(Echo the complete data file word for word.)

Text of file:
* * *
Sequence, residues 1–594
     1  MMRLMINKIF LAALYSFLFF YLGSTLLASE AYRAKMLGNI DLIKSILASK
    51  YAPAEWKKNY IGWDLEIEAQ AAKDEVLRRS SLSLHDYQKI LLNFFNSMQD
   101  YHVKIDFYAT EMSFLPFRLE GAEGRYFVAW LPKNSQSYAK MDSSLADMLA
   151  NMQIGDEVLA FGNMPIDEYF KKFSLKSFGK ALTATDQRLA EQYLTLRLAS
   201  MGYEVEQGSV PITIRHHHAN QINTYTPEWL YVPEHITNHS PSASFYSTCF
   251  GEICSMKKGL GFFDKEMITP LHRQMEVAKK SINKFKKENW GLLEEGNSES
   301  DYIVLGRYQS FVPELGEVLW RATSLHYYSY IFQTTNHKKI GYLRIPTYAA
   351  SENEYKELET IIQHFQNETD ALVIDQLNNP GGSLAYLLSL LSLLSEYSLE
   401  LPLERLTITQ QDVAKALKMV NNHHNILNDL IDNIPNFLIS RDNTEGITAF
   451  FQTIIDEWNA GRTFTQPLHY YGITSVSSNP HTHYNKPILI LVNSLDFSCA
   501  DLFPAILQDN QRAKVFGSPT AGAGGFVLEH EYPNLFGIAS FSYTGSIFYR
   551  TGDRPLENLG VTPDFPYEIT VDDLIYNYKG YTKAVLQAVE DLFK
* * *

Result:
Sequence, residues 1–594
     1  MMRLMINKIF LAALYSFLFF YLGSTLLASE AYRAKMLGNI DLIKSILASK
    51  YAPAEWKKNY IGWDLEIEAQ AAKDEVLRRS SLSLHDYQKI LLNFFNSMQD
   101  YHVKIDFYAT EMSFLPFRLE GAEGRYFVAW LPKNSQSYAK MDSSLADMLA
   151  NMQIGDEVLA FGNMPIDEYF KKFSLKSFGK ALTATDQRLA EQYLTLRLAS
   201  MGYEVEQGSV PITIRHHHAN QINTYTPEWL YVPEHITNHS PSASFYSTCF
   251  GEICSMKKGL GFFDKEMITP LHRQMEVAKK SINKFKKENW GLLEEGNSES
   301  DYIVLGRYQS FVPELGEVLW RATSLHYYSY IFQTTNHKKI GYLRIPTYAA
   351  SENEYKELET IIQHFQNETD ALVIDQLNNP GGSLAYLLSL LSLLSEYSLE
   401  LPLERLTITQ QDVAKALKMV NNHHNILNDL IDNIPNFLIS RDNTEGITAF
   451  FQTIIDEWNA GRTFTQPLHY YGITSVSSNP HTHYNKPILI LVNSLDFSCA
   501  DLFPAILQDN QRAKVFGSPT AGAGGFVLEH EYPNLFGIAS FSYTGSIFYR
   551  TGDRPLENLG VTPDFPYEIT VDDLIYNYKG YTKAVLQAVE DLFK